As I commented on another forum, W. J. Astore’s powerful Bracing Views, the day the Twin Towers fell left me with memories of both horror and poignancy. The horror part is self-explanatory. The poignancy may seem surprising. I was working in an office in downtown Cleveland on 9/11. It happened to stand next to the Celebrezze Federal Building, which, in the moment, was thought to be another potential terrorist target. Therefore, our building was evacuated along with the Federal Building. It turned out, though, that most of downtown emptied out that morning. Like my fellow workers, my only thought was to get home. Naturally, the buses were packed. I had to stand at first, but eventually snagged a seat. Now, odd as it may sound, the prevailing atmosphere on city buses is silence. Most people are riding by themselves, especially during rush hour. That day was different. With shell-shocked faces, people got on the bus and then looked out the windows, as if expecting fire to rain down from the sky. Then….they talked to each other, in low voices, across the aisles and from front to back. Many were tearful; all were afraid. With each newcomer, the mass of riders willingly compressed more and more — there was an unspoken conviction that there was safety in numbers, we were stronger together. We were ALL united that day. At that early point, there was no anger, only devastating sorrow and an overwhelming, WHY? We grieved as Americans had on December 7, 1941. We felt the same sense of violation, of loss of innocence. Even then, when the ripples were still fanning out, we somehow knew life would never be the same for us. We felt an overarching sense of tenderness and concern for each other. As we got outside downtown, and people started getting off the bus, it was as if each departure was somehow a loss to the rest of us; we didn’t want to see anyone leave. It was almost personal — we were all in this together, and we were made smaller as each of our fellow travelers went out the door. We responded as we would have when a friend or relative left us: “Will you be OK going home?” “Take care.” “God bless,” patting arms and shoulders, then huddling back into ourselves. It was extraordinary, a phenomenon I’ve only seen that one time in my life. For once, everyone was accepted, each person was equal, all counted for something. If there is such a thing as Grace, it embraced all of us that day.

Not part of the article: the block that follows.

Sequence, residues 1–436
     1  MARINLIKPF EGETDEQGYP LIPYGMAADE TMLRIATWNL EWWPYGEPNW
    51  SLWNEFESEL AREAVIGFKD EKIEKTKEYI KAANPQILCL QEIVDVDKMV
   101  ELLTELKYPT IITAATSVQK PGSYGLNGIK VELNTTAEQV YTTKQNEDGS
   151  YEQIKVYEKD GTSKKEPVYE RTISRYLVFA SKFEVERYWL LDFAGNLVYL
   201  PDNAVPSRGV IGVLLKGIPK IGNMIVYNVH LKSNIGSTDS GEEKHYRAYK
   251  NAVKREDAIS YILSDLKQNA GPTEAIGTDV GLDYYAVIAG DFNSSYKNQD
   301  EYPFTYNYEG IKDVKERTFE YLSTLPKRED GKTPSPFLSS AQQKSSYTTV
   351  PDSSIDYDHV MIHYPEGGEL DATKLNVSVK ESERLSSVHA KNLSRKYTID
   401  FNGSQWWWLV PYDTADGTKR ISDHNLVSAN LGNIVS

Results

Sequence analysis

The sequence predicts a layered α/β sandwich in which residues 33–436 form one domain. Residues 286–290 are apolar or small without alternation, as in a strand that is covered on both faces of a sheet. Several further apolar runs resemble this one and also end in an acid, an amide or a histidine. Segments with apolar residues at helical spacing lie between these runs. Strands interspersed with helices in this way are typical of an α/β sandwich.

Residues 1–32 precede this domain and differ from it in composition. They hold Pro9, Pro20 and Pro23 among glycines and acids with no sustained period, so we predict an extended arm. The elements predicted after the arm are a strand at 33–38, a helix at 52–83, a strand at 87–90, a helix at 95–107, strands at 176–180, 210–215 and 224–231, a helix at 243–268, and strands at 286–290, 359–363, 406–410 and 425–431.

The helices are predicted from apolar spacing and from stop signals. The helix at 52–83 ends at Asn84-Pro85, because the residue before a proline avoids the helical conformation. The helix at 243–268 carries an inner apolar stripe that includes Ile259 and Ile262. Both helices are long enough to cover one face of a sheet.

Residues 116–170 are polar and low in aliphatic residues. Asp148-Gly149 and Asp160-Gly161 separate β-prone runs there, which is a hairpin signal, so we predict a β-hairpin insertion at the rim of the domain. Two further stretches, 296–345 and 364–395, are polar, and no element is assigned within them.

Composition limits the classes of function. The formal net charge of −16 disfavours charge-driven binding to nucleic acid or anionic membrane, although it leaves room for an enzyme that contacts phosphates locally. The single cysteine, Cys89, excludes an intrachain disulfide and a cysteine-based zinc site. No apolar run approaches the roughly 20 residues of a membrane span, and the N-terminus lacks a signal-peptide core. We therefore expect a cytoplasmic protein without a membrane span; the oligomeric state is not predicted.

And now….seemingly in a blink, it’s 20 years later. We’re not only NOT valued companions anymore, traversing the same road with shared concerns, we’re actively at each other’s throats. Within a few weeks of 9/11, after the benefit concerts, after the Red Cross drives, after the memorials to heroes, the feeling of unity was gone, replaced by anger and lust for revenge on one hand, and by calls for peace and healing on the other. Instead of looking at U.S. actions that served as a flashpoint for the attack, we backed a President who stoked the fires of rage, accompanied by a cabal who saw its chance to implement long-plotted schemes of dominance and control. We know now that neither Iraq nor Afghanistan had anything to do with the attacks of 9/11 (15 of 19 hijackers were Saudis), but in the frantic rush to do something, anything, to satisfy the impulse for punishment, the country allowed itself to be caught up in the juggernaut of war. Except, of course, for the lone voice of sanity, Congresswoman Barbara Lee of California. She alone had the wisdom and the courage to vote against the authorization for what have become our endless wars. Her prescience stands as a testament to rationality in the face of headlong, out-of-control warmongering disguised as justice. Ms. Lee’s was the first voice raised in favor of reason and deliberation, but she was not alone. Tens of thousands of people nationwide eventually protested the blatant opportunism and black desires of the Bush/Cheney cohort, to no avail.